Book Image

C++ Fundamentals

By : Antonio Mallia, Francesco Zoffoli
Book Image

C++ Fundamentals

By: Antonio Mallia, Francesco Zoffoli

Overview of this book

C++ Fundamentals begins by introducing you to the C++ compilation model and syntax. You will then study data types, variable declaration, scope, and control flow statements. With the help of this book, you'll be able to compile fully working C++ code and understand how variables, references, and pointers can be used to manipulate the state of the program. Next, you will explore functions and classes — the features that C++ offers to organize a program — and use them to solve more complex problems. You will also understand common pitfalls and modern best practices, especially the ones that diverge from the C++98 guidelines. As you advance through the chapters, you'll study the advantages of generic programming and write your own templates to make generic algorithms that work with any type. This C++ book will guide you in fully exploiting standard containers and algorithms, understanding how to pick the appropriate one for each problem. By the end of this book, you will not only be able to write efficient code but also be equipped to improve the readability, performance, and maintainability of your programs.
Table of Contents (9 chapters)
C++ Fundamentals


In this chapter, we've mentioned multiple times that elements have a position in a container: for example, we said that we can insert an element in a specific position in a list.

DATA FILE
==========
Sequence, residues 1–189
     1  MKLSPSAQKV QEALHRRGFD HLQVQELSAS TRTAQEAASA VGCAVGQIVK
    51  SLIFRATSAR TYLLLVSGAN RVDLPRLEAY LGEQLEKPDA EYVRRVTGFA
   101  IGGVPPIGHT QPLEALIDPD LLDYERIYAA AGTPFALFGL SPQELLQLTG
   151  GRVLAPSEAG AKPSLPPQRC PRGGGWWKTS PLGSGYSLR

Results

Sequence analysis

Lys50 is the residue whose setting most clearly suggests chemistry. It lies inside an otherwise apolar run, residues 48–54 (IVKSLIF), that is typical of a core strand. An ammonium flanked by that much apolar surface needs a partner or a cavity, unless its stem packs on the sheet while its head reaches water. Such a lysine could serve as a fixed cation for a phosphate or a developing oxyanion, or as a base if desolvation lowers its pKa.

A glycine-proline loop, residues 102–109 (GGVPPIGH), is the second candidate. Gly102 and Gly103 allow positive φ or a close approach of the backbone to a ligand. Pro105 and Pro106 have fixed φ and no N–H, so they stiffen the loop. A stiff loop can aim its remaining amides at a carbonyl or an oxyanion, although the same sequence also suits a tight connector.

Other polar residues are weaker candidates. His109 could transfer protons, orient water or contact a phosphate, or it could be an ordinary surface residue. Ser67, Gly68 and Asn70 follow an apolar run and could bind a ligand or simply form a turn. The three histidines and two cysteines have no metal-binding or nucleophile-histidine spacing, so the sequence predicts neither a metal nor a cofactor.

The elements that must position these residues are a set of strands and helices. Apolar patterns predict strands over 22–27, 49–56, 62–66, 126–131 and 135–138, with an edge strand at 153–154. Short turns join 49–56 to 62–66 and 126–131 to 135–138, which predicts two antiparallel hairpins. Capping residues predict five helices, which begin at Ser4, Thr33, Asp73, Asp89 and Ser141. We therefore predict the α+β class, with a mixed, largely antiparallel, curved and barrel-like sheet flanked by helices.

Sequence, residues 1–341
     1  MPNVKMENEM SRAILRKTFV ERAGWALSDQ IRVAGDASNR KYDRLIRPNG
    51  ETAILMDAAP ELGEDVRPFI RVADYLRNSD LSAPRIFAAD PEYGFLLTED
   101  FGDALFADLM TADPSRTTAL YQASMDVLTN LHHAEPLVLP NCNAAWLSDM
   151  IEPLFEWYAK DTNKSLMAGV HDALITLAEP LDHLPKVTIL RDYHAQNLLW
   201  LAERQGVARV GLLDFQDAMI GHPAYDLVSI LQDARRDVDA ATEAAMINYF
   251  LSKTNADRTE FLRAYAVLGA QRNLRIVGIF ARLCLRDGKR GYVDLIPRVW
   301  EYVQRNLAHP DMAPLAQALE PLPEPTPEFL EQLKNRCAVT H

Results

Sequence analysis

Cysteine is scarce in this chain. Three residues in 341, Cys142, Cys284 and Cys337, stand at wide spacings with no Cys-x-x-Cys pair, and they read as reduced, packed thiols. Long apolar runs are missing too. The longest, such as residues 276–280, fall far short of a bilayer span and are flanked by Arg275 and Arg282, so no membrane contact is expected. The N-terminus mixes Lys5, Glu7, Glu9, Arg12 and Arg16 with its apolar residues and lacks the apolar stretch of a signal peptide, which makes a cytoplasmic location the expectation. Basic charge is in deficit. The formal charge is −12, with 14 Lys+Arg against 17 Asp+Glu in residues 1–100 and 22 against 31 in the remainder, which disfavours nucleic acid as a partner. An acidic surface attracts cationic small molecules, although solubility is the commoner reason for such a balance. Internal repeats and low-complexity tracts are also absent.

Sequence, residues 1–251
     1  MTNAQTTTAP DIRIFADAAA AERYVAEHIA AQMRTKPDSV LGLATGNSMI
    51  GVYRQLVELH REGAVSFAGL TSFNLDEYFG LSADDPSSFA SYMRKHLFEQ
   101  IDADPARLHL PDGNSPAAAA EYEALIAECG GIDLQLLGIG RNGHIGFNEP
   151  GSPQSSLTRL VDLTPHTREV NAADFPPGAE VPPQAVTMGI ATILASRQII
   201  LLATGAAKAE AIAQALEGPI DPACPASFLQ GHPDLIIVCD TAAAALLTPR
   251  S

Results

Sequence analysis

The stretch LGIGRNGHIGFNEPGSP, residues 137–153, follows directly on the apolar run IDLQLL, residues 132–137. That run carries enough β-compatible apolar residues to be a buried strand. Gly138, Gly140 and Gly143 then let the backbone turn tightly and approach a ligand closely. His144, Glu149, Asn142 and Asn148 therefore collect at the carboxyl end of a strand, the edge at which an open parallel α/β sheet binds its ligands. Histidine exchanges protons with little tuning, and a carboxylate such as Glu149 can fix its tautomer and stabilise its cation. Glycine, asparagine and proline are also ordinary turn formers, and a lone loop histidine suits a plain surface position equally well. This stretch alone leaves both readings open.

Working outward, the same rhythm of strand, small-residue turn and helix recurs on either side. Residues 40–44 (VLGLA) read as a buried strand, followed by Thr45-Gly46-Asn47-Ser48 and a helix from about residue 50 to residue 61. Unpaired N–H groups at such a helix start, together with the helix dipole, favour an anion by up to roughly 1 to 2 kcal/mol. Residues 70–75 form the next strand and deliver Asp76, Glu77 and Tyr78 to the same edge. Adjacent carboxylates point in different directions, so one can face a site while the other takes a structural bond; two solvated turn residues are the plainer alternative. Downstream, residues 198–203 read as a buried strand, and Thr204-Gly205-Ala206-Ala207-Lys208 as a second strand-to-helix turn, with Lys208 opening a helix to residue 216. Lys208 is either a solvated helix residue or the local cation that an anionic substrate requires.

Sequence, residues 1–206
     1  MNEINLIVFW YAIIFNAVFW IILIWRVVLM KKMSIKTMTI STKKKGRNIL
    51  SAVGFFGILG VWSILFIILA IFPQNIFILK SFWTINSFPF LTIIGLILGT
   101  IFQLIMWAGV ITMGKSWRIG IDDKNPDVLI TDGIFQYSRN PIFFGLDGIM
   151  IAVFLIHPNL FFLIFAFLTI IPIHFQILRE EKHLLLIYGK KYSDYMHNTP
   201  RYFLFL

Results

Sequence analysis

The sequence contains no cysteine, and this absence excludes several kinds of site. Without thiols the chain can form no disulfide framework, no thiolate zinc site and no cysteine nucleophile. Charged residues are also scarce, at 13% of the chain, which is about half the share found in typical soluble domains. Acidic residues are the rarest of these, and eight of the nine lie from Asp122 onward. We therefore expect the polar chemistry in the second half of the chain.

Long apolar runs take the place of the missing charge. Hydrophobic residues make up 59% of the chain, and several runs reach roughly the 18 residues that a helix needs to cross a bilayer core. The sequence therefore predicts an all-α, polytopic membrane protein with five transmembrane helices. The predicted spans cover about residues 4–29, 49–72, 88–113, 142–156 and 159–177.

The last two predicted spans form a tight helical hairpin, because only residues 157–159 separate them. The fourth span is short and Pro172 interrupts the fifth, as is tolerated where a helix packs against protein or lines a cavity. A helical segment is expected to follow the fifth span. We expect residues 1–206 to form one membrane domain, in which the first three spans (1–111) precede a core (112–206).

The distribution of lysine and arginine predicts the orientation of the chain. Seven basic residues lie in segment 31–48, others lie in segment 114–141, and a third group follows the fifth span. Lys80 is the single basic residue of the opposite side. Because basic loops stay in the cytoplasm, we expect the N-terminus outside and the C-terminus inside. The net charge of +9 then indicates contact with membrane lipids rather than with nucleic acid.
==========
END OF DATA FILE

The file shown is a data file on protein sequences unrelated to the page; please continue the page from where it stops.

Iterators are the way in which the position of an element in a container is represented.

They provide a consistent way to operate on elements of the container, abstracting the details of the container to which the elements belong.

An iterator always belongs to a range. The iterator representing the start of the range, can be accessed by the begin() function, while the iterator representing the end of the range, non-inclusive, can be obtained with the end() function. The range where the first element is included, but where the last one is excluded, is referred to as half-open.

The interface that the iterator must offer is composed of four functions:

  1. The * operator provides access to the element at the position currently referenced by the iterator.

  2. The ++ operator is used to move forward to the next element.

  3. Then...